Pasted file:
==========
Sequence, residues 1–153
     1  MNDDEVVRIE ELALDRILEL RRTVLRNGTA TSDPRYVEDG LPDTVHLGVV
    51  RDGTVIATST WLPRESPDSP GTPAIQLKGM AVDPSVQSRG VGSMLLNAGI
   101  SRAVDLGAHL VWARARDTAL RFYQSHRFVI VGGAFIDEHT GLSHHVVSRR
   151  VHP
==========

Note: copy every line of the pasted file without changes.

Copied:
Sequence, residues 1–153
     1  MNDDEVVRIE ELALDRILEL RRTVLRNGTA TSDPRYVEDG LPDTVHLGVV
    51  RDGTVIATST WLPRESPDSP GTPAIQLKGM AVDPSVQSRG VGSMLLNAGI
   101  SRAVDLGAHL VWARARDTAL RFYQSHRFVI VGGAFIDEHT GLSHHVVSRR
   151  VHP